Pheochromocytomas are rare tumors that grow in the adrenal glands, which are small glands located above the kidneys. These tumors cause the glands to produce excessive amounts of hormones called catecholamines, which are responsible for regulating blood pressure, heart rate, and metabolism. The symptoms of pheochromocytomas can vary greatly, but they often include high blood pressure, severe headaches, sweating, rapid heart rate, and anxiety. These symptoms can be difficult to diagnose, as they mimic other health conditions, such as anxiety disorders and cardiovascular diseases. Pheochromocytomas are typically treated with surgical removal of the tumor, and sometimes the entire adrenal gland. This treatment is often successful, but it can be complicated by the excess of catecholamines causing hypertension and related cardiovascular complications. Research on pheochromocytomas continues to advance, with focus on understanding the underlying genetic mutations associated with these tumors. Current research has also focused on developing targeted therapies for patients with advanced or recurrent diseases, utilizing novel drug combinations and radiation therapy. Overall, the study of pheochromocytomas has illuminated much understanding regarding the regulation of catecholamine synthesis, release and action. Future studies in this area will not only further our understanding of this rare tumor, but also potentially unlock new treatments for patients with other adrenal gland diseases.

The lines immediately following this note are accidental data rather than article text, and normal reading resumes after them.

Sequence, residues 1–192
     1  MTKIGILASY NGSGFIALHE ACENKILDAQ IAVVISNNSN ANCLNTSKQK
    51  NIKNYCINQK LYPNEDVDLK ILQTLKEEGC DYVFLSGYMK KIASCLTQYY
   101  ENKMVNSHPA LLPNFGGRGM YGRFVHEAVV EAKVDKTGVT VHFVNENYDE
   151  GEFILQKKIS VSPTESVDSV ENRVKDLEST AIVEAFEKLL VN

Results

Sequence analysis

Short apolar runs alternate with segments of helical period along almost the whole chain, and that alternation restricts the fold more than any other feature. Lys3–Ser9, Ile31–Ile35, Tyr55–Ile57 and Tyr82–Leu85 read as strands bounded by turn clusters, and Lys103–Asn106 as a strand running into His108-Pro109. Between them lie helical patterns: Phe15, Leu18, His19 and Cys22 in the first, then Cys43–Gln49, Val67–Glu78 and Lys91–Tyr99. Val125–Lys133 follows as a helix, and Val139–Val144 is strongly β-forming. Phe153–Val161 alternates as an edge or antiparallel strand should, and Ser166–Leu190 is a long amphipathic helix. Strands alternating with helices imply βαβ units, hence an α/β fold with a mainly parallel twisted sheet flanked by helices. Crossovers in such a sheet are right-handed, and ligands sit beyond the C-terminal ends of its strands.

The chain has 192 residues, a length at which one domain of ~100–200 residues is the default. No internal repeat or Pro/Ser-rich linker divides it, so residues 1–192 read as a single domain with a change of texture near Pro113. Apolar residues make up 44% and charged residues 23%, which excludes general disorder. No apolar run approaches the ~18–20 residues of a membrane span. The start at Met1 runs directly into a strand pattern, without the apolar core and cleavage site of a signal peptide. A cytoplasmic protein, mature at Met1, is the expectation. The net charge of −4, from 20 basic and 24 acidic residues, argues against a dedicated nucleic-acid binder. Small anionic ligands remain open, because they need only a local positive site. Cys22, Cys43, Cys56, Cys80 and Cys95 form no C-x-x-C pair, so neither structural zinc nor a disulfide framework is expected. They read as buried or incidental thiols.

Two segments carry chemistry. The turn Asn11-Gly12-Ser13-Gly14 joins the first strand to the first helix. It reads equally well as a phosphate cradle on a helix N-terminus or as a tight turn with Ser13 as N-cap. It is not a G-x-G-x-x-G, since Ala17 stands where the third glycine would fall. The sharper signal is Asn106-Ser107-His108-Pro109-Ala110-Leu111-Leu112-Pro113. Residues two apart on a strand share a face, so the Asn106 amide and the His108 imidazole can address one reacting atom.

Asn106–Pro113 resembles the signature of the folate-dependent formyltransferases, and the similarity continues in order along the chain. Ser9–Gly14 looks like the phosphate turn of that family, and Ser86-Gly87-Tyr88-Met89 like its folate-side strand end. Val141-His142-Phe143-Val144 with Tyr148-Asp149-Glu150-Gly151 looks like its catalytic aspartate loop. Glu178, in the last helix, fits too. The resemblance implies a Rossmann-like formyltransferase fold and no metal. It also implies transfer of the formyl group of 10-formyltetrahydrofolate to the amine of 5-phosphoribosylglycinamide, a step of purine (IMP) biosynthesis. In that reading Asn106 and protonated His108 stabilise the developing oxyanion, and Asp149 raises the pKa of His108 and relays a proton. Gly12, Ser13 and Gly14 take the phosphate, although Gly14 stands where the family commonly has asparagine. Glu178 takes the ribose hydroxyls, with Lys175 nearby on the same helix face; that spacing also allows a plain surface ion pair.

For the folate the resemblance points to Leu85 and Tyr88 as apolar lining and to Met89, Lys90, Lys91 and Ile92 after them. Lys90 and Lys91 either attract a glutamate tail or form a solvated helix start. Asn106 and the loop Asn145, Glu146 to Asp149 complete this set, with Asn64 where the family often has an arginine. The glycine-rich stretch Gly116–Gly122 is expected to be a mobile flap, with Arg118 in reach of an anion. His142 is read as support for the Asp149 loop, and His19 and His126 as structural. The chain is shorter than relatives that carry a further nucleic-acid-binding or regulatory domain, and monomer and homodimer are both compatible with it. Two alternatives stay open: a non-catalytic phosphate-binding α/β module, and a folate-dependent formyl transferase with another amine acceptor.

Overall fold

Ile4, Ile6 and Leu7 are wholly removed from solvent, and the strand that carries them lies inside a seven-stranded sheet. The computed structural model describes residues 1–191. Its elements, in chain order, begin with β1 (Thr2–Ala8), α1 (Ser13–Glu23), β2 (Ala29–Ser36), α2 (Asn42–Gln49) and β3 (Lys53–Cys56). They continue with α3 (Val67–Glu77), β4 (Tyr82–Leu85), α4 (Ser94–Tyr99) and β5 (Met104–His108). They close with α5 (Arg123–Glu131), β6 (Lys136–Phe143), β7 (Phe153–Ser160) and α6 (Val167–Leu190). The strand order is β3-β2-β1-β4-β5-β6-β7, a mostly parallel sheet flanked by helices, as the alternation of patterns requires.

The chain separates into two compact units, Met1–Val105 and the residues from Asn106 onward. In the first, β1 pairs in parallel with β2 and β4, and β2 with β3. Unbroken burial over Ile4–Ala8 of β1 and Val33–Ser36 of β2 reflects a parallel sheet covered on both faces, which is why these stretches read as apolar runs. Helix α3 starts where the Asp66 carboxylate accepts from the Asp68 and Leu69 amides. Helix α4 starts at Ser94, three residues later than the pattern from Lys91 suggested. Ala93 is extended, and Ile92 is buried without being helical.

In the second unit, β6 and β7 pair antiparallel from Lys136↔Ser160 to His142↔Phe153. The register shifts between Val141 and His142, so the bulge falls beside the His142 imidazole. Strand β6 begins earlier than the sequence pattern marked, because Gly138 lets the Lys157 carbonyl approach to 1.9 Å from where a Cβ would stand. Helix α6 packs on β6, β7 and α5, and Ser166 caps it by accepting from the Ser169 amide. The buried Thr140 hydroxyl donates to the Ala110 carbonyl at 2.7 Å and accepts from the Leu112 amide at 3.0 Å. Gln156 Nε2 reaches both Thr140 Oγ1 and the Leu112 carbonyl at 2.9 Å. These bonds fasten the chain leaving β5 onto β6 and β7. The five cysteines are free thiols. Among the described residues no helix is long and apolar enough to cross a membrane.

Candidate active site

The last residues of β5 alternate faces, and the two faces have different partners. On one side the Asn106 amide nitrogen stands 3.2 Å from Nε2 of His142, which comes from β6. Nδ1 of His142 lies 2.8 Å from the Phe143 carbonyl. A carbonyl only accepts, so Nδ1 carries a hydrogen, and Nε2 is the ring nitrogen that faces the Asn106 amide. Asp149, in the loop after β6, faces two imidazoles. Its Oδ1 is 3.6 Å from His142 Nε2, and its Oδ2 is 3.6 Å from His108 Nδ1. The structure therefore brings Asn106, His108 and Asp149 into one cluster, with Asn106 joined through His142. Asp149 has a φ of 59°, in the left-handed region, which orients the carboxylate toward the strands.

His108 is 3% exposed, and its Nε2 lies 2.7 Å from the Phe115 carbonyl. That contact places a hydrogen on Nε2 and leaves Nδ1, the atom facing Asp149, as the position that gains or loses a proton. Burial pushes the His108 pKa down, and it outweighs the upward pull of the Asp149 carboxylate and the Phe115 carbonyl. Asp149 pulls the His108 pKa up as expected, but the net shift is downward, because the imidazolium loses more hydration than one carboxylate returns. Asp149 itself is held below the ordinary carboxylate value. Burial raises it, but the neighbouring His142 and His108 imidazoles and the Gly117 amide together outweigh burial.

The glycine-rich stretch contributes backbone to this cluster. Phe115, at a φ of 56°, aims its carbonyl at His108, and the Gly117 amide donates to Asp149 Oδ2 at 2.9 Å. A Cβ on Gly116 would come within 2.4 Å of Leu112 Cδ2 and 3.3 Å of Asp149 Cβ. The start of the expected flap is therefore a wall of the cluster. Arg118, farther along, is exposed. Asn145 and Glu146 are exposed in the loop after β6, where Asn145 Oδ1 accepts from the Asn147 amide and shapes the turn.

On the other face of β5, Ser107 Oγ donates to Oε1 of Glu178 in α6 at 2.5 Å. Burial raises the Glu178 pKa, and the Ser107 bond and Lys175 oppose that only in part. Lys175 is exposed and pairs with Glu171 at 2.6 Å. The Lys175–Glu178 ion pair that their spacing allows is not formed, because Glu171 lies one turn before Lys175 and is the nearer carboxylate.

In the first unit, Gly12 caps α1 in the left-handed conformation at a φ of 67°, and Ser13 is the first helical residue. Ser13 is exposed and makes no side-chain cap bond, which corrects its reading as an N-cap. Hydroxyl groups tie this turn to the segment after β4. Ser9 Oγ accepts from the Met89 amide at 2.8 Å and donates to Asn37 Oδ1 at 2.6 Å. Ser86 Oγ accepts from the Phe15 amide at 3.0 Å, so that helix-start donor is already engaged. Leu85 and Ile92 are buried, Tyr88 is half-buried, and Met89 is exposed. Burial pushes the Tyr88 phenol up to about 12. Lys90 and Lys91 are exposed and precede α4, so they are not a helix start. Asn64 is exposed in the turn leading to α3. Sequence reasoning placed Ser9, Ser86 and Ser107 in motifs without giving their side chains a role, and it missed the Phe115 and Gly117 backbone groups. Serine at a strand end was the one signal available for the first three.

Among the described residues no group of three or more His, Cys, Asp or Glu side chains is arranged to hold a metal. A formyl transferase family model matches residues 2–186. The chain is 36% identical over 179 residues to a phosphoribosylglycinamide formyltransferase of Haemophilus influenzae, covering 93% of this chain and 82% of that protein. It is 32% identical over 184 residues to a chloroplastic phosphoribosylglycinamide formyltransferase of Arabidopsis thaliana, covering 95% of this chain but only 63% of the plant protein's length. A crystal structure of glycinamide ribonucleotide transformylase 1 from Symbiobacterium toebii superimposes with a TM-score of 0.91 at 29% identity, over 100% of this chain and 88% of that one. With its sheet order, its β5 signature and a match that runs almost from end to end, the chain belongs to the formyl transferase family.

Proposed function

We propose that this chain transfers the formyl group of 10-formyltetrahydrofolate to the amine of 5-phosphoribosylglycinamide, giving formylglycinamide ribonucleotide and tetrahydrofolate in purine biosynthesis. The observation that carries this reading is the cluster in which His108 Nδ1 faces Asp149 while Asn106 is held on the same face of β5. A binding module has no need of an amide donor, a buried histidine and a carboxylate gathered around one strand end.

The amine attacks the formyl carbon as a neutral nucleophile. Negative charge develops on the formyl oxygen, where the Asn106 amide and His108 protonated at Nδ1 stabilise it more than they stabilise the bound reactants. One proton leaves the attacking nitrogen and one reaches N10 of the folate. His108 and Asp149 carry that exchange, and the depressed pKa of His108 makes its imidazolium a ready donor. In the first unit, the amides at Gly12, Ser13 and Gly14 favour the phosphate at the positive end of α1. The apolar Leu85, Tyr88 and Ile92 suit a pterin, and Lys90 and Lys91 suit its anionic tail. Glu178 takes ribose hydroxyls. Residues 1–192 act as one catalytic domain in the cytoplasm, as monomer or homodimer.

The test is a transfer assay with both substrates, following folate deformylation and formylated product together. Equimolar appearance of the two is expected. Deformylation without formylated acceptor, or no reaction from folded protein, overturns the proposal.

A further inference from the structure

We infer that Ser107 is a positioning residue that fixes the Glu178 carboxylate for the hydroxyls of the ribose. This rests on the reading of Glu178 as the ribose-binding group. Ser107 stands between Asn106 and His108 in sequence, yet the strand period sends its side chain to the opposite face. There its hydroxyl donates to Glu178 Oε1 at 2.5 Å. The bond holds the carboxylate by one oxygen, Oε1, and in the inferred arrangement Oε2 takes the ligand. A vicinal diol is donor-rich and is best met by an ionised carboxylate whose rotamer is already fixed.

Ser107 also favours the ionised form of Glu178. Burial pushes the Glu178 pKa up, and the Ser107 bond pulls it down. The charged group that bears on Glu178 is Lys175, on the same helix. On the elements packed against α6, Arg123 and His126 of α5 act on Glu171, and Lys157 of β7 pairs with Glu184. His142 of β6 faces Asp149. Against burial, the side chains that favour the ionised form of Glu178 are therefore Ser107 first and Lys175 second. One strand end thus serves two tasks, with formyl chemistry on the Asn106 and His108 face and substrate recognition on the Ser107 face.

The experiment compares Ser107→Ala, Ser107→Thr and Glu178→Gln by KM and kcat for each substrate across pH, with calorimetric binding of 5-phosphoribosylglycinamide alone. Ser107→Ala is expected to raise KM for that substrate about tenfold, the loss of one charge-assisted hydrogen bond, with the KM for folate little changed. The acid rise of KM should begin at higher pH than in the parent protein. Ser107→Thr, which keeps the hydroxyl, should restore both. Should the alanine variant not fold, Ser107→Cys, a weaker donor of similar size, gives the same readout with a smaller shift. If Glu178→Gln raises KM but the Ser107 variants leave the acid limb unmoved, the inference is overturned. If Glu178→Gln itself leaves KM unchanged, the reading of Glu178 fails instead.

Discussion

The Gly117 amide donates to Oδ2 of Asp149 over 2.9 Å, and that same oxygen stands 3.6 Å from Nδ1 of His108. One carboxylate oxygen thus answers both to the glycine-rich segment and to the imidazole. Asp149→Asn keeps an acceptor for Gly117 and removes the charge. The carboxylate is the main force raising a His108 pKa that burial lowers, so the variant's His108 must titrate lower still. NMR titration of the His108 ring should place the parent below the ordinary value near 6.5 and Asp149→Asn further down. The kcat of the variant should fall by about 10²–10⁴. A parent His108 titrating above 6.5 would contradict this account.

From: Neurobiology

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Editor-in-chief: Zheng Jiang, Department of Neuroscience, The Johns Hopkins University School of Medicine.
Publication Type: Open Access Journal
Description: The brain, spinal cord, and nerves make up the nervous system. Together they control all the workings of the body. When something goes wrong with a part of your nervous system, you can have trouble moving, speaking, swallowing, breathing, or learning. You can also have problems with your memory, senses, or mood.